Refusing to "glorify" an "organization that uses violence," Mayor Michael Bloomberg excluded diplomats from the Palestinian Authority from a Gracie Mansion concert recital Tuesday.
"Given the fact that the mayor has been outspoken in his criticism of both [Yasir] Arafat and the Palestinian Authority, he felt the city should not be glorifying an organization that uses violence as a political tool," said Bloomberg spokesman Ed Skyler.
by Debra Nussbaum Cohen |
Howard Nevison's friends believe he is innocent, and some of them are putting their money where their mouth is.
A letter went out last week from a committee of Cantor Nevison's friends who are raising money for his newly established legal defense fund, The Jewish Week has learned.
The cantor, who for 24 years has served the Upper East Side's tony Temple Emanu-El, was arrested in February on charges that he sexually molested his young nephew. He is now awaiting trial. Nevison's lawyer has maintained that his client is innocent.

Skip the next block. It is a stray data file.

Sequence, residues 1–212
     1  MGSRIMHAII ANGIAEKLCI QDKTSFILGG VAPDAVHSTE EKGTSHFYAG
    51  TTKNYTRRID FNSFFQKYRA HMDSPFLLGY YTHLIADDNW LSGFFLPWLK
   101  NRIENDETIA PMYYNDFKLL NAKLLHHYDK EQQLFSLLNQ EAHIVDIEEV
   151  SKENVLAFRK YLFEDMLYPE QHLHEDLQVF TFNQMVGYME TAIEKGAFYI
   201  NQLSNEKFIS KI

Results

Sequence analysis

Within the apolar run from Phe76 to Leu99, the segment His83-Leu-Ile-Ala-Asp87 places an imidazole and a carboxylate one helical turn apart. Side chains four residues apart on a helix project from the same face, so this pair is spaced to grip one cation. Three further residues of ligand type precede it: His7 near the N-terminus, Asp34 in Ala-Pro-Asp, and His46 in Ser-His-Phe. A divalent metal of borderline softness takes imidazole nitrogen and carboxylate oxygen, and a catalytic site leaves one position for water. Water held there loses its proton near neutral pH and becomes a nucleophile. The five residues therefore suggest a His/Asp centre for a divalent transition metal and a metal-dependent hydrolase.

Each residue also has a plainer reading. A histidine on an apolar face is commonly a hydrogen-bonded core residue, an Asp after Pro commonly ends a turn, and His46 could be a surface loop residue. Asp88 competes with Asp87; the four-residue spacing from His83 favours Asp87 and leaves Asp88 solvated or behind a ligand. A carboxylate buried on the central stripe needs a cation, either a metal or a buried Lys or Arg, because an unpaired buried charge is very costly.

Call it Intifada III. Through student rallies and verbal attacks, the 18-month-old Arab uprising against Israel is spreading to college campuses across the United States. Anti-Israel and anti-Jewish propaganda, which had faded at historically politicized universities after the Sept. 11 terrorist attacks, has now assumed its former high profile since the Israeli army embarked on its campaign to root out West Bank terrorists.
On the day that Jews remember the victims of the Holocaust, a rally in Manhattan this week protested a contemporary strain of European anti-Semitism.
On Yom HaShoah several dozen poster-carrying Jews, including Holocaust survivors and yeshiva students, marched in front of the French Consulate on the Upper East Side, prompted by a recent wave of attacks in France against members of the Jewish community and on Jewish buildings. The rally was led by the Coalition for Jewish Concerns-Amcha.
Despite a public outcry from Holocaust survivors and a nearly universal dismissal from art critics, the public has not stayed away from The Jewish Museum’s controversial exhibition “Mirroring Evil: Nazi Imagery/Recent Art.”
Nor have they come out in droves.
The widespread mass media coverage prior to the March 17 opening has surprisingly lead to no great surge or decline in attendance.